Fort Langley’s small float plane airline is expanding its fleet and has bought a new hangar across the Fraser River.
Fort Langley Air, purchased last year by entrepreneur Scot McIntosh, has expanded the air fleet to include two Cessna 180 float planes and two DHC-2 Beavers.
“That’s sort of the most iconic Canadian bush plane,” said owner Scott McIntosh.
The plane started production in 1947.
“We have Beaver Number 12,” he said, built in 1948, as well as a 1953 model.
The planes allow for high-altitude operation and have short take off and landing requirements, making them ideal bush planes, McIntosh said.
Despite the company name, its center of gravity has moved to a hangar purchased at Pitt Meadows.
Training will still take place at the Fort hangars on the river, McIntosh said.
Their planes can be seen June 1 on Pitt Meadows Airport Day at a show and shine.
The small airline, based east of the Fort village on the banks of the Fraser River, is offering charter flights and float plane flying instruction.
The company is still recovering from a crash on Tyaughton Lake last Aug. 1, which caused the death of one pilot and a passenger, and injured another pilot.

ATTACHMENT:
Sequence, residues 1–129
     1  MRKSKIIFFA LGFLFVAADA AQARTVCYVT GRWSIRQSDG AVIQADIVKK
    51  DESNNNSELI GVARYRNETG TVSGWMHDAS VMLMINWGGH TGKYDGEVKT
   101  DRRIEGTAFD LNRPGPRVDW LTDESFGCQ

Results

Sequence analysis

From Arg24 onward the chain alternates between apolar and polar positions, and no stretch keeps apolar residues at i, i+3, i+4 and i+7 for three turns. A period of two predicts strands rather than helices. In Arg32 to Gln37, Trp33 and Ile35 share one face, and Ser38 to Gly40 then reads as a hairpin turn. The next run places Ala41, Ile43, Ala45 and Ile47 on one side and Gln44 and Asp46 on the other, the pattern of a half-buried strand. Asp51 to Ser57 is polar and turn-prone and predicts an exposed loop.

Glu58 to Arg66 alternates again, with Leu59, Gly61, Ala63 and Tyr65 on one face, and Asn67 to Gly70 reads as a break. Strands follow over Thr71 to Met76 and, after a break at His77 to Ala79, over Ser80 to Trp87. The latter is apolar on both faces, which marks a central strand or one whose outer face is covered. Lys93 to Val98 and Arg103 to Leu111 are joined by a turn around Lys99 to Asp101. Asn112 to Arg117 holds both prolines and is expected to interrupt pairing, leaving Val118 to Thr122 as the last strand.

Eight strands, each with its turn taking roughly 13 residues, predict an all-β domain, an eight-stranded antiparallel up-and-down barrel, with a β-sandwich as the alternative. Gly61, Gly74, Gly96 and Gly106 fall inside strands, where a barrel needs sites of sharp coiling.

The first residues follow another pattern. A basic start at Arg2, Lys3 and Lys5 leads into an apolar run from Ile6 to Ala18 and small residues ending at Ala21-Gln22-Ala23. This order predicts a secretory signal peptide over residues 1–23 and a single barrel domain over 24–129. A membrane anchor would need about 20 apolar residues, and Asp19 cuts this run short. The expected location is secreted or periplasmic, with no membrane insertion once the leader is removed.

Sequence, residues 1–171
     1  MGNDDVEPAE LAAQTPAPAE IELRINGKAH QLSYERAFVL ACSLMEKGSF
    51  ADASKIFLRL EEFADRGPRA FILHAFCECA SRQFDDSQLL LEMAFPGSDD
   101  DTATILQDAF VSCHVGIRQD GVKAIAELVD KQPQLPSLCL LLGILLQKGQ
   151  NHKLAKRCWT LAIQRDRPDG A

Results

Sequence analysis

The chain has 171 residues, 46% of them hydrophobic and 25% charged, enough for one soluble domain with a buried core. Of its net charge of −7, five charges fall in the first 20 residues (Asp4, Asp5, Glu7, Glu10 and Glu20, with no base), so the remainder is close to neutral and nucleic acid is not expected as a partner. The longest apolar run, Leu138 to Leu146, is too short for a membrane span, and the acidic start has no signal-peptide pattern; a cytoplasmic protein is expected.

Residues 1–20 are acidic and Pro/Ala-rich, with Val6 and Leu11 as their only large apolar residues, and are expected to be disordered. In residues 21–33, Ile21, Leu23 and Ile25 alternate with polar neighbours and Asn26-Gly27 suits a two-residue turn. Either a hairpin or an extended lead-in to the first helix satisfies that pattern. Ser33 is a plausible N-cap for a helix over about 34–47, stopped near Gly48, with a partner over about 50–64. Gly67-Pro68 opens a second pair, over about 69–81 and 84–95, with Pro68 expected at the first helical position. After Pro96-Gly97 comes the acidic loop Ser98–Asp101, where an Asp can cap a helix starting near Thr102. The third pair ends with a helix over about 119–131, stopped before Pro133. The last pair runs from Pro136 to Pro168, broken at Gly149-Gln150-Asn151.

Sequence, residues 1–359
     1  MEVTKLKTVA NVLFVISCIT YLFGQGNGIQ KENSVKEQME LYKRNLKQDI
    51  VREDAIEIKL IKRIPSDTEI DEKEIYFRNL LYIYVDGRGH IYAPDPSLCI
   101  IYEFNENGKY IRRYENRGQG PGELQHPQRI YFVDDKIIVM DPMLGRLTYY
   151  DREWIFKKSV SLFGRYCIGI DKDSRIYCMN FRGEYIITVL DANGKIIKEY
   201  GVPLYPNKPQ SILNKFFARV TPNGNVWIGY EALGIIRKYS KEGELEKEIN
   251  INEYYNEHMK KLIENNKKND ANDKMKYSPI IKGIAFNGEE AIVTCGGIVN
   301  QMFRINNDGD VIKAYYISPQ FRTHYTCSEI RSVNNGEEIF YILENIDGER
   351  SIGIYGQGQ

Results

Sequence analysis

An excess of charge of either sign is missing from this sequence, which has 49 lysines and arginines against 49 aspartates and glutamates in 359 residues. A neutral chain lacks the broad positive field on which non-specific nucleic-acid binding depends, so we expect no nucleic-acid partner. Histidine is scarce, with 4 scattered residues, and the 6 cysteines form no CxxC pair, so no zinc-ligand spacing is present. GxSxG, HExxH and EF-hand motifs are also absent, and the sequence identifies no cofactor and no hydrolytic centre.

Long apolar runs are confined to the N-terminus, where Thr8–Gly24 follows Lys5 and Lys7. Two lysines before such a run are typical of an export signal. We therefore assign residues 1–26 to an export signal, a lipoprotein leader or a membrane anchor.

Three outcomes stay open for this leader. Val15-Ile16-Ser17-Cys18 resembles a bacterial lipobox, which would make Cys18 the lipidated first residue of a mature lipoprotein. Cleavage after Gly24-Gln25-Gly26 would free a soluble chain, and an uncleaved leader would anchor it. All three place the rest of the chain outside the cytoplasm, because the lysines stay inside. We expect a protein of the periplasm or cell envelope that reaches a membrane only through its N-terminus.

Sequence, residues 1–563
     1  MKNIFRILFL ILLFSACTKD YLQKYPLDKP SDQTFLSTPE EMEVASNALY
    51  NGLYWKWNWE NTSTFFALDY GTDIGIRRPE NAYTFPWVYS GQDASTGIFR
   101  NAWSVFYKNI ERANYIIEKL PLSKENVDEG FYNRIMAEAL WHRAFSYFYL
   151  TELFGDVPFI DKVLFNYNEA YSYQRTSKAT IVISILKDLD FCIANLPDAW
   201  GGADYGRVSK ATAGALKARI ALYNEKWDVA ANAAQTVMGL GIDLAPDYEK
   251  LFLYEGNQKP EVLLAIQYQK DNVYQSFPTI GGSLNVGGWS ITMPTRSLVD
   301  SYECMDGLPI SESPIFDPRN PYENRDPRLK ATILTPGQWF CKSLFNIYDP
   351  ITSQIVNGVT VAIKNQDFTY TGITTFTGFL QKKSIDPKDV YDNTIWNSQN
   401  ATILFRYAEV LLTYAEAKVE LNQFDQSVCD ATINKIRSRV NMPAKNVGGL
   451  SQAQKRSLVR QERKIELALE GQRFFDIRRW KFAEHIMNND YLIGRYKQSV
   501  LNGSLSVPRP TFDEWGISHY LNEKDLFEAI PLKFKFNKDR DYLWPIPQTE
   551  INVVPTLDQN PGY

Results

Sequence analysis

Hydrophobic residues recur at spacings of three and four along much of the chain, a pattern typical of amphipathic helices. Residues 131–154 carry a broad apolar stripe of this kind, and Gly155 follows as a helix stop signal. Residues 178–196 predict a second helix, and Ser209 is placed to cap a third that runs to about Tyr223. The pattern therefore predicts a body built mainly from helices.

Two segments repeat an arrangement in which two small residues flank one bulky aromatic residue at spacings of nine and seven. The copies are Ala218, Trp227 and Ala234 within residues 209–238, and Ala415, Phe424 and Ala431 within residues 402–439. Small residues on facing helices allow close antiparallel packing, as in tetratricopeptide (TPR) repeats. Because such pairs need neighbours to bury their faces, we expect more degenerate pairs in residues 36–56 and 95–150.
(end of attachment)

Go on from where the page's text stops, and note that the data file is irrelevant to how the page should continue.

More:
A gas cap hadn’t been re-attached after refueling. The supporting pilot noticed fuel leaking from a wing. The pilot in command turned sharply to come around to land again, but the plane stalled and crashed.
“I don’t think that we are healed by any stretch,” said McIntosh about the aftermath of the crash.
The families are still grappling with the deaths of the two men and the injuries to the third, Spencer Neufeld.
From a business standpoint, they have been putting the company back together, McIntosh said.
The recent expansions have come alongside continuity, with former owner John Ferguson still on staff as operations manager, bringing 50 years of experience with flying boats and float planes to the company.